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Original Article
Comparative Study of Dynamic Susceptibility Contrast Perfusion MR Images between Warthin's Tumor and Malignant Parotid Tumors
Shin Young Park, Hak Jin Kim, Wonjae Cha
Kosin Medical Journal 2019;34(1):38-46.
Published online: June 30, 2019

1Department of Radiology, Cancer center, Dongnam Institute of Radiological and Medical Science, Busan, Korea.

2Department of Radiology, Pusan National University Hospital, Pusan National University School of Medicine, Busan, Korea.

3Department of Otrhinolaryngology-Head and Neck Surgery, Pusan National University Hospital, Pusan National University School of Medicine, Busan, Korea.

Corresponding Author: Wonjae Cha, Department of Otorhinolaryngology-Head and Neck Surgery, Pusan National University School of Medicine, 179, Gudeok-ro, Seo-gu, Busan 49241, Korea. Tel: +82-51-240-7336 Fax: +82-51-244-7534
• Received: December 21, 2018   • Revised: January 17, 2019   • Accepted: January 28, 2019

Copyright © 2019 Kosin University College of Medicine

Articles published in Kosin Medical Journal are open-access, distributed under the terms of the Creative Commons Attribution Non-Commercial License ( which permits unrestricted non-commercial use, distribution, and reproduction in any medium, provided the original work is properly cited.

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  • Objectives
    To identify diagnostically meaningful differences between Warthin's tumor and malignant masses in the parotid gland by dynamic susceptibility contrast (DSC) MR imaging.
  • Methods
    Eleven malignant parotid tumors and 9 Warthin's tumors were included. MR imaging was performed on all patients. Signal intensity time curves of tumors were obtained by DSC MR imaging and dynamic susceptibility contrast percentages (DSC%) were calculated.
  • Results
    No significant difference was observed between malignant tumors and Warthin's tumors (P = 0.437), although DSC% values tended to be higher for Warthin's tumors.
  • Conclusions
    Warthin's tumor tended to have higher DSC% values than malignant parotid tumors, but this difference was not significantly different.
Salivary glands provide the greatest diversity of histologic types and subtypes of primary tumors,1 and of these glands, the parotid gland is more frequently affected by tumors. Parotid gland tumors account for approximately 3% of all head and neck tumors. Pleomorphic adenoma is the most common parotid neoplasm (70%), followed by Warthin's tumor and other malignancies.23 The possibility of malignancy should be ruled out in patients with any mass in the parotid gland to ensure proper management planning. This usually requires cytologic or histologic evaluation by fine needle aspiration biopsy or parotidectomy.345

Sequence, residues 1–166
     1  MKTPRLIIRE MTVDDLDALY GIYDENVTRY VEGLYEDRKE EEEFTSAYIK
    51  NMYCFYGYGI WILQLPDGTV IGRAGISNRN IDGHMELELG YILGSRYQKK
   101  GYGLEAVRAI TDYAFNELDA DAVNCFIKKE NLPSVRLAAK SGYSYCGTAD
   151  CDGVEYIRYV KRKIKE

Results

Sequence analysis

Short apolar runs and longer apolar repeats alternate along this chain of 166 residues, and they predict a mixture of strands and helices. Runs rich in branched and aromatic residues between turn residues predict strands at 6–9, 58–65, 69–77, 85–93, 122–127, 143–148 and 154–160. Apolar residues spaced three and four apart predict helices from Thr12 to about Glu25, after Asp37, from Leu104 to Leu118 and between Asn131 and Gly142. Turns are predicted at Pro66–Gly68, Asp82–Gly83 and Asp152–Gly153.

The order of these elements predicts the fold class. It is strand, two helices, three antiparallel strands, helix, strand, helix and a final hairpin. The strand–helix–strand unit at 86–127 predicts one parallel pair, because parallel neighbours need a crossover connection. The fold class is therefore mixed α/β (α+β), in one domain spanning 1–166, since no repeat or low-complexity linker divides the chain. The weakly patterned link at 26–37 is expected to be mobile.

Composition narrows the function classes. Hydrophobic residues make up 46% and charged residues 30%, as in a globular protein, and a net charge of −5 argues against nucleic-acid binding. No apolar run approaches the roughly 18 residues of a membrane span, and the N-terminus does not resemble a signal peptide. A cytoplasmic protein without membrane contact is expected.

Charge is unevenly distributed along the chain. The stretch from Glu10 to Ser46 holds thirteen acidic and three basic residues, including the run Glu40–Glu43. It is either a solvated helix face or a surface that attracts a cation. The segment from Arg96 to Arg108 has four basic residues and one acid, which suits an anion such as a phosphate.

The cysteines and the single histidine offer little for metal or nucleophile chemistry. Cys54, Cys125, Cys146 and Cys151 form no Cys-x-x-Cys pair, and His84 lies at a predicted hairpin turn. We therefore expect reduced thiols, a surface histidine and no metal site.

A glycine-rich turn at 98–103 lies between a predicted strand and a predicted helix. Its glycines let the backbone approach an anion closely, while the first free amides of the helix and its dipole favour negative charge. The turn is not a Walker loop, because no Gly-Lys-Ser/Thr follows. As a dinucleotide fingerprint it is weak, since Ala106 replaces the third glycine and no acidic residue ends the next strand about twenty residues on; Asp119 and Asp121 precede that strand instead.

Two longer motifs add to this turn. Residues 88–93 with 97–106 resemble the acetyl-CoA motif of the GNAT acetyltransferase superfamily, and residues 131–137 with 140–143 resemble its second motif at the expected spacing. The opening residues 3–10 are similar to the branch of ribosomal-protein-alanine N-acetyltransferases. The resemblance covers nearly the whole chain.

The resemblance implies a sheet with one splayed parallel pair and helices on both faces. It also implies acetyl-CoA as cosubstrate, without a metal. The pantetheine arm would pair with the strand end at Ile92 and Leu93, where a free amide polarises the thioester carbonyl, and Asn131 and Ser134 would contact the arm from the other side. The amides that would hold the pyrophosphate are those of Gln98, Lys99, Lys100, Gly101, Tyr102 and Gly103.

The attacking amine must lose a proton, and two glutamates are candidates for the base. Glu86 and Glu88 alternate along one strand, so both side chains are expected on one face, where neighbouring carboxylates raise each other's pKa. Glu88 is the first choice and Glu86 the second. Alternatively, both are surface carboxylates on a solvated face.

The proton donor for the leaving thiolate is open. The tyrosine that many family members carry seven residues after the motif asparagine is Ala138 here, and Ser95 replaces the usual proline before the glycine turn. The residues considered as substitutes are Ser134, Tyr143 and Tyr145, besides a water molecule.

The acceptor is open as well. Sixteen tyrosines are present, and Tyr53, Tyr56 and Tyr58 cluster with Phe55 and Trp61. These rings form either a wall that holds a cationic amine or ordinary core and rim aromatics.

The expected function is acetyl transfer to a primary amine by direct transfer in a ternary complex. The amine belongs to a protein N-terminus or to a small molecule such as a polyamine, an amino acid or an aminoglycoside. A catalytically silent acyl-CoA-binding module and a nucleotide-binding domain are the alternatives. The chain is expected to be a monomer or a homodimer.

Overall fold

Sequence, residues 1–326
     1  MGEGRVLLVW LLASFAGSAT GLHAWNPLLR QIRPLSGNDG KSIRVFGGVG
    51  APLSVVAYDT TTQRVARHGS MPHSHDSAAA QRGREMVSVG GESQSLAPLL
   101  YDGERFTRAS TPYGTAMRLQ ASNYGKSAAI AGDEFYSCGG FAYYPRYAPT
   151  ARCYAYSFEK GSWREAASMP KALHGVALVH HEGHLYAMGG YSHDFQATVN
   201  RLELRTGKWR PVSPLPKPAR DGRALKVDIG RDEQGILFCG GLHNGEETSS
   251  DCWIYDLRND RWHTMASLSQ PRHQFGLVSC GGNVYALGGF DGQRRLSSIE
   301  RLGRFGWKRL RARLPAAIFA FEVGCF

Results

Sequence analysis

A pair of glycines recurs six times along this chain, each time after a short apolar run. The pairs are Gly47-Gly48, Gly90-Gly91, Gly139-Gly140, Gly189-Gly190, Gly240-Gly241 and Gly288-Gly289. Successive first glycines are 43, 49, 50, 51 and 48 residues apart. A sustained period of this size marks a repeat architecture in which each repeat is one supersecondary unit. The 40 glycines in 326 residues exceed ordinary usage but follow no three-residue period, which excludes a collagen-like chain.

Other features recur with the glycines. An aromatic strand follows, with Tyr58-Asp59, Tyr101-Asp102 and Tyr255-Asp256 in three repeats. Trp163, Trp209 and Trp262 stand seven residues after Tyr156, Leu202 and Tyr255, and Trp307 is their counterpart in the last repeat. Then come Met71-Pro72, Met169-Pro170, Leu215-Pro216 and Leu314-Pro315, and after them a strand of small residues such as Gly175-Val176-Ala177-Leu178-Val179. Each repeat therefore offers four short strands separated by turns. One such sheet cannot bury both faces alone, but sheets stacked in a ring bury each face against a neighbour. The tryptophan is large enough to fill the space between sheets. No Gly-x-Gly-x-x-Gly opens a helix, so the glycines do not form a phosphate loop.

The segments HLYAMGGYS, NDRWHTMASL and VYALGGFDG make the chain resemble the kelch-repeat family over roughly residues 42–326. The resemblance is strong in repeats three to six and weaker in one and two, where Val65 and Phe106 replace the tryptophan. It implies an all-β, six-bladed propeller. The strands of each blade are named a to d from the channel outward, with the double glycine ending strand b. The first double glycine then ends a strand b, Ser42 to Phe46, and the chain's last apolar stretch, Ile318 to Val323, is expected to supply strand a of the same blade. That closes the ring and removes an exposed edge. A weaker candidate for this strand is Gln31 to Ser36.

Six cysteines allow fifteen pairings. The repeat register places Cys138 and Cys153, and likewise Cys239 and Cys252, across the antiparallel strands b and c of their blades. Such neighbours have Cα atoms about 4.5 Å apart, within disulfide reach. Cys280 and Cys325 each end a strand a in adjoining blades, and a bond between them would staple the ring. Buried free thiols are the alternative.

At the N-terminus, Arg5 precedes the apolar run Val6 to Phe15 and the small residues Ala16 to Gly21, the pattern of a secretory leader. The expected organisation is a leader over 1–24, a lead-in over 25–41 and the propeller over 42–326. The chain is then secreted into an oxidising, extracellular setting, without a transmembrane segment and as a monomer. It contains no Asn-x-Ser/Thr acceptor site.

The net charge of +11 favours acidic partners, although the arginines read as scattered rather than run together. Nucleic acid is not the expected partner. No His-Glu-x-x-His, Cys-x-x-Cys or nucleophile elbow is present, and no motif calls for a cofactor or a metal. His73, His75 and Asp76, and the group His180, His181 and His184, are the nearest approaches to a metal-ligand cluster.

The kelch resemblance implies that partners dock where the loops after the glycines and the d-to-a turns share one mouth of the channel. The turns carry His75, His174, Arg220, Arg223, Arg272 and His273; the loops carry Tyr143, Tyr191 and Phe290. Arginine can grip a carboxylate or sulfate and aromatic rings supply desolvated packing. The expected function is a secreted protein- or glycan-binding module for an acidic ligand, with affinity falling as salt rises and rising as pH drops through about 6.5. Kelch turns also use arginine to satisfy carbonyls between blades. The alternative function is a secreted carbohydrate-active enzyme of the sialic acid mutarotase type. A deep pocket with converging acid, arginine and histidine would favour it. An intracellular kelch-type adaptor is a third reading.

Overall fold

Preoperative MR imaging is useful for the evaluation of tumors and for surgical planning as it allows tumor locations to be assessed. In particular, dynamic contrast-enhanced (DCE) perfusion MR imaging has been reported to be useful tool for the differentiation of salivary gland tumors.67891011 Perfusion MR imaging, which is sensitive to microvasculature, is performed with (dynamic susceptibility contrast imaging and DCE imaging) or without contrast agent (arterial spin labeling, i.e., ASL).12
Dynamic susceptibility contrast (DSC) techniques are the most widely used method to measure brain perfusion by MR imaging. DSC perfusion MR imaging has relatively shorter imaging and data acquisition times than ASL, and DCE perfusion MR imaging also allows greater anatomical coverage.12 DSC perfusion MR imaging measures signal loss during the passage of a bolus of non-diffusible contrast through a tumor,13 and can be performed using the bolus tracking technique, which monitors the first passage of contrast medium through a capillary bed. DSC perfusion MR imaging is being increasingly used to assess the extents of capillaries and of the microvasculatures of various tumors in brain, liver, and breast, and as a diagnostic and research tool. DSC perfusion MR imaging is well suited for evaluating tumor angiogenesis since the degree of signal loss depends on the volume of the intravascular space within a tumor and on the concentration of injected contrast agent in blood,14 and thus, it provides access to the physiology of microcirculation, especially of the microvasculature.15 DSC perfusion MR imaging can be helpful for evaluating brain tumors and for differentiating benign and malignant tumors,14 and has also been used to characterize and differentiate head and neck cancers.10